My grandfather knew what he loved and didn’t pay much attention to the things that didn’t fit that. Which is an outlook that many of us work really hard to obtain and he mastered it. He was a real ‘live and let live’ kind of guy, a real hard worker and a real caring gentleman. He did it right, lived right and died right.
His simple yet impressive life resume is what seems to be leaving me with so many questions and ill feelings after someone passes. I just wish after someone passed you could sit with them and go over everything and see how they felt about it. I suppose they don’t feel about it, because they are dead.
At this time last year, closer to the beginning of February, my aunt passed away. I wrote a post about it then but my site crashed so we don’t have it. In short she had a much different life; she battled drug addiction and abusive relationships with bad people. I wish she had known about places like Enterhealth, so that she could have won that battle at least. She wasn’t a bad person though, she was actually a very caring person. I have so many questions for her. I just have become overly concerned with the idea of mortality in the past few years, possibly a symptom of this sweet, sweet anxiety disorder.
Hard to feel relieved when anyone has passed without having any solid answers but specifically answers about how they felt. I don’t take issue with there being an afterlife or not, I also don’t have an answer for it either. I envy people who do but it’s not as concerning to me as what happens when you are here and how you feel. I have very religious friends who find purpose in everything they do because it is for a higher power. I also have people in my life who know 100% there is no god and therefore they have no questions. I am equally jealous of both people. That gives them answers. ‘I know everything I am doing is for the right reason for my higher power’ or ‘we live, we die, that’s it, nothing more.’ But death only leaves me with more questions and it’s absolutely because 50% of what I worry about is just if I am doing a good enough job, working hard enough, ever going to be happy or if my family and friends are proud of me. All reasons to be doing it but at the moment without answers.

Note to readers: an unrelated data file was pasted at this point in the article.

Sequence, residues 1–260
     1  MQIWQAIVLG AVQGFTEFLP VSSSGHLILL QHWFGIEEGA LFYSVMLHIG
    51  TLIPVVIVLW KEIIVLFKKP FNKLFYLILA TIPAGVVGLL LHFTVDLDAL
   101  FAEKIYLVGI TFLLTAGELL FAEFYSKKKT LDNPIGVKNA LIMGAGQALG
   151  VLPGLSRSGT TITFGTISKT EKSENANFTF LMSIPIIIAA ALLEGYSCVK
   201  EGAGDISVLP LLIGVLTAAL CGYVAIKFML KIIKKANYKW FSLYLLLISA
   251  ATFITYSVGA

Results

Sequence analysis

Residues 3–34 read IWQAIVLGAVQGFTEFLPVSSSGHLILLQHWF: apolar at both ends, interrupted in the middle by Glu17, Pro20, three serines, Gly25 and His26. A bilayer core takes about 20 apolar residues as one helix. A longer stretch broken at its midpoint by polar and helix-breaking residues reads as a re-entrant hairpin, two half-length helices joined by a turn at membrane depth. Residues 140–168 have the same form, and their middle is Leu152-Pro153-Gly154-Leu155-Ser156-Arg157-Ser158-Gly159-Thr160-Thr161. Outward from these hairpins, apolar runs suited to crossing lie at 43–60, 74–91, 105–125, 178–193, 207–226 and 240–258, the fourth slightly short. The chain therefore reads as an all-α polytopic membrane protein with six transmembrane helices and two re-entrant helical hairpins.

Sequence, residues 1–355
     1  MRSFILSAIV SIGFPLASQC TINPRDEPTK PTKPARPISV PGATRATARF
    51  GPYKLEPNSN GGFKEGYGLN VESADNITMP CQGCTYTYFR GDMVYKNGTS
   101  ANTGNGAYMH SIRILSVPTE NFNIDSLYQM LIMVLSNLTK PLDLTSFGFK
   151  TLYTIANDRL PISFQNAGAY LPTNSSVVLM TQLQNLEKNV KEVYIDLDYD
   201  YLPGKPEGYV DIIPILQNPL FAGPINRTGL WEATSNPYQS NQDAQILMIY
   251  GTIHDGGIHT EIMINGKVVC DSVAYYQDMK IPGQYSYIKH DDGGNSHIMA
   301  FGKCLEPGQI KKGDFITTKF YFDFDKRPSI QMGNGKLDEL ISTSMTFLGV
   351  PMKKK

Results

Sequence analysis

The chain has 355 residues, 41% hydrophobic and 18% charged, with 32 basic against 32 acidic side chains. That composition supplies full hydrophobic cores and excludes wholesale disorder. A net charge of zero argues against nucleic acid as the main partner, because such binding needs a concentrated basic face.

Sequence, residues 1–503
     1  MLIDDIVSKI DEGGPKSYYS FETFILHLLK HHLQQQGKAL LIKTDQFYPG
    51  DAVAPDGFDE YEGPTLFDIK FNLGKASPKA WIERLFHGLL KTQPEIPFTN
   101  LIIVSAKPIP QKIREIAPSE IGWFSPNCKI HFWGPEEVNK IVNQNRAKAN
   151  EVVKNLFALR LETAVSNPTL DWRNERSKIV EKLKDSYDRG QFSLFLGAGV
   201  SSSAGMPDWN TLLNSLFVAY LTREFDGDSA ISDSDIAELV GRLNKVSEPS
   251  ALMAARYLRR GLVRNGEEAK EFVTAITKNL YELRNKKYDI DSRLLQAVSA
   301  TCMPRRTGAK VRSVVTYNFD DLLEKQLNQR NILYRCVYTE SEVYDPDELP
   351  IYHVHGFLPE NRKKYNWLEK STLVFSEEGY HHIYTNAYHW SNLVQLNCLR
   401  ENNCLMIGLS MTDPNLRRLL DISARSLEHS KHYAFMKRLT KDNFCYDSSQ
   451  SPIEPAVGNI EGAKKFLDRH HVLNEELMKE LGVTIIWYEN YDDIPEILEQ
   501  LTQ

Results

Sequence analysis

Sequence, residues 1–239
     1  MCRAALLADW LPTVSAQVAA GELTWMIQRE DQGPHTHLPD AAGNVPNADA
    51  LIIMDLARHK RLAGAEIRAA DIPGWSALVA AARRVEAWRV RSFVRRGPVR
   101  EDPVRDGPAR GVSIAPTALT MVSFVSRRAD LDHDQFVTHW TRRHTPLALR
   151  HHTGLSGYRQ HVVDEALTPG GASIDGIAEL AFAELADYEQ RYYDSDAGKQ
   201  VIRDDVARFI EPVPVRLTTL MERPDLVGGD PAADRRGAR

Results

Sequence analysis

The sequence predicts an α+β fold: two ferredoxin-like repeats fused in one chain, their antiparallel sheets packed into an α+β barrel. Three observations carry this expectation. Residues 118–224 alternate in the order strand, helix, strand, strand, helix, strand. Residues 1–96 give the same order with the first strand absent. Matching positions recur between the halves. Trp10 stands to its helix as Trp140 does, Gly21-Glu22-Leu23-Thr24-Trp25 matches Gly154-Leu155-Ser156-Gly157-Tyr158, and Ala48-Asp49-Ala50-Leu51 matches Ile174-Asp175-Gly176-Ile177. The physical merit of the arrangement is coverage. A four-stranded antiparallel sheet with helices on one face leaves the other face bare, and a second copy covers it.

With all the overarching issues we are facing I go back and forth each day trying to keep myself grounded and pay attention to myself while also being a global citizen. You know what? That’s pretty fucking hard. I care greatly about my family and friends and spend time worrying about them. I, unfortunately, moderately keep up with the dumpster fire that is this country’s politics but in reality I ate a can of beans and top ramen for breakfast and I have been sleeping on a top sheet that is too small to tuck into the bed instead of the fitted sheet for over a month. And what’s more interesting is that I am fine with it.
I just hope that my grandfather is half as happy and as proud about what he did as I am of him and what he created. Those are the questions I want answers too. I think he does and I think he knew how much EVERYONE loved him, he was a cocky fella, so he had to.
In conclusion, there is no conclusion.